Most people can learn to read the Tarot to a lesser or greater extent. No psychic powers are necessary because all the wisdom is in the cards and the meanings which have been developed over the years. In fact if one was psychic why would you need to use the Tarot? Tarot works best when the reader drops their preconceptions and feelings about a problem and just lets the cards do the talking.

Myth 7 – “Nobody should ever handle your Tarot deck”
There are some practitioners that wont let anyone else touch their Tarot cards. Even when they carry out a reading they wont allow the questioner to shuffle the deck for themselves. In my experience this precious attitude comes from those who want to build up themselves and their deck to be something special. A control thing if you like. This is against the spirit of Tarot which promotes open enquiry and sharing of understanding. Allowing clients to shuffle the cards helps them to feel a part of the process and focus on the problem at hand.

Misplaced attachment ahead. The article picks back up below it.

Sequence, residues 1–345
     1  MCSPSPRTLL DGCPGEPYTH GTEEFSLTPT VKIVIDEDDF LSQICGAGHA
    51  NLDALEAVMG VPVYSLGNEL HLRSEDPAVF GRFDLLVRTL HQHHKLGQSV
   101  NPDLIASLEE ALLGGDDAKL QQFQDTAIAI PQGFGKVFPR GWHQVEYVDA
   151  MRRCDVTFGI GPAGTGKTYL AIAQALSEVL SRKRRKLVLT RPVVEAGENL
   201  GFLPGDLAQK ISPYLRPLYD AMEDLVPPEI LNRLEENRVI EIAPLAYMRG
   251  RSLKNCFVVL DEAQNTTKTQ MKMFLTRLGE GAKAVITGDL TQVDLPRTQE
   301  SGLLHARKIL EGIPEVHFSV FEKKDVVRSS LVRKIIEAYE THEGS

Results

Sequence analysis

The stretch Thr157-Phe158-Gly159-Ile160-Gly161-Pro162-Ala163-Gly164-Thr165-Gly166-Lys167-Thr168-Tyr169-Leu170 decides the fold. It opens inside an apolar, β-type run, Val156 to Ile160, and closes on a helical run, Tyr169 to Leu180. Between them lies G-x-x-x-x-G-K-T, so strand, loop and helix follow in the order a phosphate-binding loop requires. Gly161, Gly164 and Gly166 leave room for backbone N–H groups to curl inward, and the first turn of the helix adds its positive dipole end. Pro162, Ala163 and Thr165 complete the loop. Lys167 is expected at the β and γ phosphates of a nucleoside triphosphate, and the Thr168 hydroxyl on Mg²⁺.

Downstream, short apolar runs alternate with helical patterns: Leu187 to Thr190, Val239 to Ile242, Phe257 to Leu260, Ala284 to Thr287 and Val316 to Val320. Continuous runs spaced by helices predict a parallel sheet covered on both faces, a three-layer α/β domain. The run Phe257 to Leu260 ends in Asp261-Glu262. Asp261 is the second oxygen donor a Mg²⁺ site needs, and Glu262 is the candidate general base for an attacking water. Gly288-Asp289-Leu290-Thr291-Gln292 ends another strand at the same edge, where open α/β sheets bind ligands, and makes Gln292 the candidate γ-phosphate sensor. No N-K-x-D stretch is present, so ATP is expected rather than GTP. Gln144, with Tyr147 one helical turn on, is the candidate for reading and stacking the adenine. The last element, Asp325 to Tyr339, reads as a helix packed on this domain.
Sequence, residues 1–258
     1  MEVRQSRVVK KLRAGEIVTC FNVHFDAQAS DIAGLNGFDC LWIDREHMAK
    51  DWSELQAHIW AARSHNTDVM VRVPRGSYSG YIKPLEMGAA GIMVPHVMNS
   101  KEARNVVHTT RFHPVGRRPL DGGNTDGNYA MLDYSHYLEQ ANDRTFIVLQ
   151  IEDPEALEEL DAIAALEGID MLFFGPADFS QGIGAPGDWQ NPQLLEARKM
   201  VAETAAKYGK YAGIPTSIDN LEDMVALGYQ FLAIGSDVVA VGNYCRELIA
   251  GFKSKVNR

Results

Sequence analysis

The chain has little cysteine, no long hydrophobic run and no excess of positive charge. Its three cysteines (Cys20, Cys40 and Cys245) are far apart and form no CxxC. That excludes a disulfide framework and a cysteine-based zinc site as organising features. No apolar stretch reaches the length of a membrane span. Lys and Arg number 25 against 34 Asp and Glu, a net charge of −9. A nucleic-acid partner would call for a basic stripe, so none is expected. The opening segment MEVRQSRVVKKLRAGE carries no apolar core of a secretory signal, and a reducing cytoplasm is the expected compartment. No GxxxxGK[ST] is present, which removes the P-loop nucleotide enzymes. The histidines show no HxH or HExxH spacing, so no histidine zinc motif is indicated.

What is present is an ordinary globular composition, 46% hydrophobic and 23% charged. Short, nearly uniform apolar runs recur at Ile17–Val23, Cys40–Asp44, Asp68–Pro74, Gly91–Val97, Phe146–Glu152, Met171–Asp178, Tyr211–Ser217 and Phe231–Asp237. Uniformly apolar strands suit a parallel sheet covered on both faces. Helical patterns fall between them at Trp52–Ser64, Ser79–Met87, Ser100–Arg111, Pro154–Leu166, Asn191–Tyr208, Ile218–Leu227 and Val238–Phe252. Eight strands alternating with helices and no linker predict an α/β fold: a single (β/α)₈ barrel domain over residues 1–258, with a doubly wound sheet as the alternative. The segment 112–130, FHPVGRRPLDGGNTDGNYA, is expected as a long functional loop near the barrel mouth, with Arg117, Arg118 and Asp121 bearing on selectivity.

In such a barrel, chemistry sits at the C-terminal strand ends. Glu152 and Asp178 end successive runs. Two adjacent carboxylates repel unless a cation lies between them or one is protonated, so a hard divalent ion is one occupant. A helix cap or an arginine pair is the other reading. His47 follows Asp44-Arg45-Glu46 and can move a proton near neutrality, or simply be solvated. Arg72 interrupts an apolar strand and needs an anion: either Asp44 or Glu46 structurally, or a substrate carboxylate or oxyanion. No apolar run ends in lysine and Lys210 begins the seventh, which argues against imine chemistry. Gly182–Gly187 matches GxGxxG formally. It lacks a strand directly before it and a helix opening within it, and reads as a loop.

Myth 8 – “The Tarot can be used to cast spells or effect other people”
It is sometimes thought that the Tarot can be used to make things happen rather than predict them. To influence someone’s life from afar, for good or evil. This is a long way from what the cards are actually about, which is simply gaining understanding. There is no reason to believe that the Tarot has any power other than that of insight. One of the frequent messages that comes out of Tarot readings is actually how little ability we sometimes have to influence our own lives let alone someone else’s. Put in a nutshell the Tarot would probably say ‘get your own act together before you try to change others’.